RICHMOND | The governors of Virginia and Maryland, both Catholics, said Tuesday that it would be wrong for the church to suspend or reduce social services in the nation's capital if the District approves gay marriage.
Virginia Gov. Tim Kaine and Maryland Gov. Martin O'Malley criticized the Catholic Archdiocese of Washington's response to the District's gay marriage proposal during a joint appearance on Washington radio station WTOP.
The D.C. Council is expected to approve gay marriage next month. The archdiocese says that unless the proposal is amended to add a religious exemption, its Catholic Charities won't be able to continue contracts with the city to run homeless shelters and provide other services to needy residents.
"I'm Catholic and I think it's wrong," Mr. Kaine, who also is chairman of the Democratic National Committee, said of the church's position. "I don't think you take your ball and go home."
Said Mr. O'Malley: "It would be very, very sad for all concerned. I don't understand how they can possibly do this."
Catholic Charities provides social services to about 68,000 people, many through contracts with the city. The organization says that because of church teaching that marriage must be between a man and a woman, it cannot place children for adoption or foster care by same-sex couples or offer employee benefits to gay married couples.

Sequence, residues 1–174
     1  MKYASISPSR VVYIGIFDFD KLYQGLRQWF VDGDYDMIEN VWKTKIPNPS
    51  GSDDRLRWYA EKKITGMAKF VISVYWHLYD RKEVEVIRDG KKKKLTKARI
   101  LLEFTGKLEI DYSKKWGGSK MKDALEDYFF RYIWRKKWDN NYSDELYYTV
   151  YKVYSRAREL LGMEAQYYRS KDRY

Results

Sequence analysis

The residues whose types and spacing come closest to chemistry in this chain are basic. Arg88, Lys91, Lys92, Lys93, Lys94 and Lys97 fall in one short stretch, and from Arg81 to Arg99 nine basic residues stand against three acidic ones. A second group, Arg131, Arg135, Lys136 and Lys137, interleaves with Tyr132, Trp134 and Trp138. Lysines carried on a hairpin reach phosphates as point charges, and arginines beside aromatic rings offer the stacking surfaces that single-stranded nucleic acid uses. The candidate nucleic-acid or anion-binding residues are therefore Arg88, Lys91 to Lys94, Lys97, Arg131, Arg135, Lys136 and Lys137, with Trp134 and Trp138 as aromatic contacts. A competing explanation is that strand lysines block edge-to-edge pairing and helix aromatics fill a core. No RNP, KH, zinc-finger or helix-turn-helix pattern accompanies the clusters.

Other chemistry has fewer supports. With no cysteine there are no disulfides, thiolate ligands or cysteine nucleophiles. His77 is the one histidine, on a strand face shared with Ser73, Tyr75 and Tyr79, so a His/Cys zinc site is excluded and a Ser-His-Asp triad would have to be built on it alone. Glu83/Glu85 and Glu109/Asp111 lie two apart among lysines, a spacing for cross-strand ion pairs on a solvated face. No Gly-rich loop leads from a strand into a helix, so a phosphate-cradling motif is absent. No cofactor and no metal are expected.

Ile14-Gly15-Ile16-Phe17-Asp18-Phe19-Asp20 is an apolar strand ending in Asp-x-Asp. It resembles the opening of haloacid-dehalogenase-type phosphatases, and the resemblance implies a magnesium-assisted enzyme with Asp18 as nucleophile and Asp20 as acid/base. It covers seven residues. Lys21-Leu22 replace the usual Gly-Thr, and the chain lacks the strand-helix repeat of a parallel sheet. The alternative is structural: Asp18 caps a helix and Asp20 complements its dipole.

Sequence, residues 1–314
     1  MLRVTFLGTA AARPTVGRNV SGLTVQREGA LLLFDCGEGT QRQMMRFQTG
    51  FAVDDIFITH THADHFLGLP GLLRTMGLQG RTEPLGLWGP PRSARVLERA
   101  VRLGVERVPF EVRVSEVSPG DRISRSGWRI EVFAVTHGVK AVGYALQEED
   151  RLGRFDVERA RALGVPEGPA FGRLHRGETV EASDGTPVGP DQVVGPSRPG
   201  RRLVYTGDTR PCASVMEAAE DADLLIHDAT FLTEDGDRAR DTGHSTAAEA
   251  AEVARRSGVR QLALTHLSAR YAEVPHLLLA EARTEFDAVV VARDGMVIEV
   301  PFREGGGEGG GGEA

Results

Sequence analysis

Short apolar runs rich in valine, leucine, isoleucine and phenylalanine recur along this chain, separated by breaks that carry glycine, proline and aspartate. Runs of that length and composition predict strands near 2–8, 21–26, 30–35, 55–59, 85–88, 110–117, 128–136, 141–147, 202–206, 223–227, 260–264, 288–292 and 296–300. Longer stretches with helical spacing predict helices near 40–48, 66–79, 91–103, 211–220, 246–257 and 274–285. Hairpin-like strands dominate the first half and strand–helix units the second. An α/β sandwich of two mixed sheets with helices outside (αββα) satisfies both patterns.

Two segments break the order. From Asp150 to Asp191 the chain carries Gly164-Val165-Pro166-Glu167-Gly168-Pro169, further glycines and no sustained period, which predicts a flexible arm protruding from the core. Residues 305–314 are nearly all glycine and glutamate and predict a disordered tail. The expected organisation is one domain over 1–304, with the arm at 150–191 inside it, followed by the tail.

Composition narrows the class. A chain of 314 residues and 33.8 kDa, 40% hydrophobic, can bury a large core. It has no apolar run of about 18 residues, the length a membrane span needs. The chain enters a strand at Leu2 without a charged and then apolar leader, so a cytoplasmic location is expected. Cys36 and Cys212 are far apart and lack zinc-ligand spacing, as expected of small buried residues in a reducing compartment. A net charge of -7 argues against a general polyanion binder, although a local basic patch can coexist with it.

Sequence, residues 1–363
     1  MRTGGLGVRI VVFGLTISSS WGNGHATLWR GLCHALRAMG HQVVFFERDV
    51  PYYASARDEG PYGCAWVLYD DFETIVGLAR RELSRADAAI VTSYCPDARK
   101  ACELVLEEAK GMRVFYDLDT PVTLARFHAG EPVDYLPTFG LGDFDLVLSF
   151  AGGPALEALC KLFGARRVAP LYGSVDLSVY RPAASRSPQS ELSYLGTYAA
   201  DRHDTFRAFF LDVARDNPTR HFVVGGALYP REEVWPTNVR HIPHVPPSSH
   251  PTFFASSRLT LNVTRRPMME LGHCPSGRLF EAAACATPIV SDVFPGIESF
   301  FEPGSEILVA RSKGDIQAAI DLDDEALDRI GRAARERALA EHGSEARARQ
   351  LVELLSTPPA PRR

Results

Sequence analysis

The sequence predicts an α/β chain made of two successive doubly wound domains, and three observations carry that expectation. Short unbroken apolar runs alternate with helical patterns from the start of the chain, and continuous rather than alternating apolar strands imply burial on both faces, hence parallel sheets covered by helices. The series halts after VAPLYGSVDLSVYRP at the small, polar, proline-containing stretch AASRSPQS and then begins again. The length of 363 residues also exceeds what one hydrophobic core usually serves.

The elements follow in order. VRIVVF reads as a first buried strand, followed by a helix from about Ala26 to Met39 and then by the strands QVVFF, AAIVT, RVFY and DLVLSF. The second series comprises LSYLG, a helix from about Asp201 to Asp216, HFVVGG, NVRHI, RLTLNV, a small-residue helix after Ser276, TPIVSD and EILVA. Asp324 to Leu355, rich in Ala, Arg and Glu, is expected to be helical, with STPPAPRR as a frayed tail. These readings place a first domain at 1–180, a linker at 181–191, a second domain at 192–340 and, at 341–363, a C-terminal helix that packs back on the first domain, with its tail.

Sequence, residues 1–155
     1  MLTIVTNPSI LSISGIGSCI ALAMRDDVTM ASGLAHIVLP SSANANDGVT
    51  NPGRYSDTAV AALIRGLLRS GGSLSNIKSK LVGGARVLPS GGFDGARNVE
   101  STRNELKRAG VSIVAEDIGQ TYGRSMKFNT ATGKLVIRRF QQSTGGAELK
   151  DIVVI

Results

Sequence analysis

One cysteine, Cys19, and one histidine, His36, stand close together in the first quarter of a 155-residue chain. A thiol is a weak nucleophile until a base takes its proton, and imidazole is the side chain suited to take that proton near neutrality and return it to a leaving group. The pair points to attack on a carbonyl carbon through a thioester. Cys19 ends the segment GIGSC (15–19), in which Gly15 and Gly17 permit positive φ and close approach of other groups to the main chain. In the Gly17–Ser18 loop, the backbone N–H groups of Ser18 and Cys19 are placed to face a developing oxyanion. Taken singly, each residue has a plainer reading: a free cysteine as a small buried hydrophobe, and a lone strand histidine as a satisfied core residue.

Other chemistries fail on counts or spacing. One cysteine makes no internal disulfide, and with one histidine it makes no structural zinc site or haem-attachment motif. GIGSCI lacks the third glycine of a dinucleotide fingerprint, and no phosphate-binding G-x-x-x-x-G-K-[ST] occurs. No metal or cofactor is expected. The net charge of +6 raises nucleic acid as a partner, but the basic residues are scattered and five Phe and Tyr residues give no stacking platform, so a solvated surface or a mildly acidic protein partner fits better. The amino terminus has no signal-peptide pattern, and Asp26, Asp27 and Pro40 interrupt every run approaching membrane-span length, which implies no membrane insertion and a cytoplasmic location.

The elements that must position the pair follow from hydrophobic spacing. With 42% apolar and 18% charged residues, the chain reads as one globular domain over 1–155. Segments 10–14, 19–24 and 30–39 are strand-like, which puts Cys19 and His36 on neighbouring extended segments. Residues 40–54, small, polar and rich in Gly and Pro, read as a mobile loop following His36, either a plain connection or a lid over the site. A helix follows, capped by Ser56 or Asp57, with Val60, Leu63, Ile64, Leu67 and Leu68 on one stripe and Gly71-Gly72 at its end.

Without a religious exemption, the organization would have to either go against those beliefs or refuse to certify that it is complying with all city laws, the archdiocese says. The city would withhold contract approval if Catholic Charities refused to certify adherence to the gay marriage law, the church says.
The archdiocese says on its Web site, MarriageMatters DC.org, that it will continue to provide social services even if the gay marriage proposal passes, but that without contracts with the city, the resources to continue that work would be diminished.
Archdiocese officials did not immediately respond to a request for comment on the statements made by Mr. O'Malley and Mr. Kaine.
The council has set its first vote on the gay marriage proposal for Dec. 1. The measure must be voted on twice for passage.
Massachusetts, Iowa, Vermont and Connecticut already allow same-sex marriage. New Hampshire will join them Jan. 1.